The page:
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Kristin Eberhard’s Blog

California is leading, but not going it alone, on clean energy policies

Kristin Eberhard

Posted September 27, 2010 in Curbing Pollution, Green Enterprise, Solving Global Warming

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Today the Cleantech Group released a report analyzing state energy policies and their impact on high growth cleantech markets.  The conclusion, in short, is that California is leading but certainly not alone in pursuing clean energy; in fact, every state in the U.S. is trying to encourage clean energy by instituting policies from encouraging energy efficiency to requiring renewable energy, and 22 states have 11 or more policies in place. 

Clean tech US Map.JPG

With AB 32, California is leading the race to pursue clean energy by creating a favorable policy environment, and the results are apparent: California captured 40% of all dollars in the U.S. that have flowed into the four AB 32 policy areas analyzed in this report: renewable energy, energy efficiency, clean vehicles, and low-carbon fuels (A previous Cleantech Group analysis found that California captured a whopping 60% of all cleantech venture capital in North America).  Those dollars are helping create jobs, grow the industries of the future, and keep California competitive internationally with countries like China that are also aggressively pursuing cleantech.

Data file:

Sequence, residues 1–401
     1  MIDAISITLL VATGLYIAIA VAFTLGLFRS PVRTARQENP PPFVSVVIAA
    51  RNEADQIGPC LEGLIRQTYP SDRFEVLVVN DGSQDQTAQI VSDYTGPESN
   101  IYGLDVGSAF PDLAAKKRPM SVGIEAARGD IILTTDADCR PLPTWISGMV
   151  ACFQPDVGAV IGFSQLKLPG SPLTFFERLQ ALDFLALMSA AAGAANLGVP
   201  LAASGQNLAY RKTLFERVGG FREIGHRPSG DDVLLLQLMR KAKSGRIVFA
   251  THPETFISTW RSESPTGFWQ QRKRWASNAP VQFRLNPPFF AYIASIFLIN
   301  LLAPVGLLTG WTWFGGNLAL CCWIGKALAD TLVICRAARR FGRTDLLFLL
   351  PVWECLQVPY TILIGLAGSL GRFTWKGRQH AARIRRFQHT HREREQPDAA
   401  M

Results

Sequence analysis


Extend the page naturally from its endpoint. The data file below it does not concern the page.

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Comments

Earl RichardsSep 28 2010 05:38 AM

The California Jobs Initiative (CJI) is an oil corporation farce and fraud. There is no connection, whatsoever, between greenhouse gas emission reduction and the loss of jobs. This notion is an insult to the intelligence of the people of California. In fact, there is job growth in the clean, renewable energy industry. Chevron employs 65,000 worldwide and CJI is not going to change this. The only jobs created by the oil industry are clean-up jobs after oil spills and deep water, blow-outs and pump-handler jobs. CJI will make fantastic profits for the oil industry, increase air pollution, especially in communities around their refineries and there will not be lower gas prices. Koch Industries, Valero and Tesoro are super Enrons. Since when did the oil companies start to show any concern for the unemployed and their families and for small businesses?

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